Until Disney finally gets around to officially announcing the director or Star Wars: Episode VII, pretty much every noteworthy director in town has been rumored or suggested for the gig, from proven veterans like Steven Spielberg to up-and-comers like Safety Not Guaranteed’s Colin Trevorrow. One of the more intriguing suggestions is Looper writer/director Rian Johnson. I’d love to see what Johnson could do with a Star Wars film, but Johnson himself seems more interested in playing his own sandbox, rather than George Lucas’.

Speaking to Digital Spy, Johnson admits that he’d be tempted by the offer, but for now is more interested in telling his own stories:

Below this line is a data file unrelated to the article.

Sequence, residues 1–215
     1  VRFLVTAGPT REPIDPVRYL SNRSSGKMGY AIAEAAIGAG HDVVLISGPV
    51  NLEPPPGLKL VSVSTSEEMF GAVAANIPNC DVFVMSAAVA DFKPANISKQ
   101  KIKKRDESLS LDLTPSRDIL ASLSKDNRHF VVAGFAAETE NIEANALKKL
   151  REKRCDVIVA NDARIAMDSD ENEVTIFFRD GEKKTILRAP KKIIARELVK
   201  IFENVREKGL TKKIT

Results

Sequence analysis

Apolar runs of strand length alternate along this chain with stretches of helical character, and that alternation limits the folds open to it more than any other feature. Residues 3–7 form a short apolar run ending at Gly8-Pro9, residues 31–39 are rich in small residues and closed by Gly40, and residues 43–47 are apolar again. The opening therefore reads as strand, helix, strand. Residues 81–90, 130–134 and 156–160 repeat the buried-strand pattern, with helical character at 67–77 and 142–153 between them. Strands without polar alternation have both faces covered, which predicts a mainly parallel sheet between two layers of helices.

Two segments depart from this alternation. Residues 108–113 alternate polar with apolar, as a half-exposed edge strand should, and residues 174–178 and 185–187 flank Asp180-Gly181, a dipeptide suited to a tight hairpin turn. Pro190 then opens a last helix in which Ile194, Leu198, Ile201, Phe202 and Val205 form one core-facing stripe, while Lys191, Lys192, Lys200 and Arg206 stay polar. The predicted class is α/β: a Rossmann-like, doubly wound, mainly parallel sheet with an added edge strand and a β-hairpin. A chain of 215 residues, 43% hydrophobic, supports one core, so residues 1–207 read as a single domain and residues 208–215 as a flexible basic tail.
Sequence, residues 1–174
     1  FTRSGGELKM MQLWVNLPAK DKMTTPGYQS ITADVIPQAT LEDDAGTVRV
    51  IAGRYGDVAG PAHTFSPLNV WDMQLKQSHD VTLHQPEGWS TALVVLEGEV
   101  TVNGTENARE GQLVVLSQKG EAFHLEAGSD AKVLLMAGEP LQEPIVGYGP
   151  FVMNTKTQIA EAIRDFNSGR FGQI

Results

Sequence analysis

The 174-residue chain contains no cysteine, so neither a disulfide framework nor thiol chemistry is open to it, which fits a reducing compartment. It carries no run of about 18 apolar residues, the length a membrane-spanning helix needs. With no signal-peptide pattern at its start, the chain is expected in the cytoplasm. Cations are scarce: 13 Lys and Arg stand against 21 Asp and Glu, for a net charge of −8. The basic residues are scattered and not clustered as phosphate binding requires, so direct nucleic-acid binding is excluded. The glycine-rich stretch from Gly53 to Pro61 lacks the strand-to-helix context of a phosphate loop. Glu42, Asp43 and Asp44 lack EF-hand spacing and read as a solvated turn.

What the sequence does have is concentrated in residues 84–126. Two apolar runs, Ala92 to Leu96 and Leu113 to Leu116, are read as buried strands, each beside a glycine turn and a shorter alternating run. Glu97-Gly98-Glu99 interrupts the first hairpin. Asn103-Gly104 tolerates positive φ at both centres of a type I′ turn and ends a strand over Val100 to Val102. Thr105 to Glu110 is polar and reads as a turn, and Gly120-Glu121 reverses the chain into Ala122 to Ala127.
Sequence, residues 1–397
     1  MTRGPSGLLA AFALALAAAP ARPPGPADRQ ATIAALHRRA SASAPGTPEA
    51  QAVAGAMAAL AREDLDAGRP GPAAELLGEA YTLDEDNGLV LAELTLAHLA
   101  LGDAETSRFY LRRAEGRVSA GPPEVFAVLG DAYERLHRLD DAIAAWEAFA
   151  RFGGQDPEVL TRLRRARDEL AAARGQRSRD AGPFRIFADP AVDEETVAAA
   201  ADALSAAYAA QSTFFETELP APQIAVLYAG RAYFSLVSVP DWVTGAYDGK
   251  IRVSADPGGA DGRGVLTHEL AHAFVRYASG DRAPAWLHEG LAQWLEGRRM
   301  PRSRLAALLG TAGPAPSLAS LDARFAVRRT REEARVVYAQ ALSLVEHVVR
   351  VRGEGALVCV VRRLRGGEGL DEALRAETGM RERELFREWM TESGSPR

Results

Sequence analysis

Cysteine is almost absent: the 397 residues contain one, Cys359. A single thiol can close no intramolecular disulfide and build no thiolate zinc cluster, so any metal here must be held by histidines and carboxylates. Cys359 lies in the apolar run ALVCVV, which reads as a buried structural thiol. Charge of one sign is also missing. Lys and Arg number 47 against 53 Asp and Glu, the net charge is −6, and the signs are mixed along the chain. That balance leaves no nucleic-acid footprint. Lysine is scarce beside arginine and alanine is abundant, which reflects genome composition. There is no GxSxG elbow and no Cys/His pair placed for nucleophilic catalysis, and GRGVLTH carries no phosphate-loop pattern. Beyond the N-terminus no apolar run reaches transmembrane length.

I don’t think I’m on those sorts of lists. On the one hand, it’s Star Wars, it would be very hard to say no to.

On the other hand, for me, I’m really enjoying just writing my own stuff, and right now that’s what I’m doing, I’m writing another original screenplay now, and we’ll figure out how to get it made.

That’s sort of what I’m in it for, is telling my own stories, and seeing if we can strike out on some new ground. So, luckily I don’t think it’s a problem that I’ll have to deal with!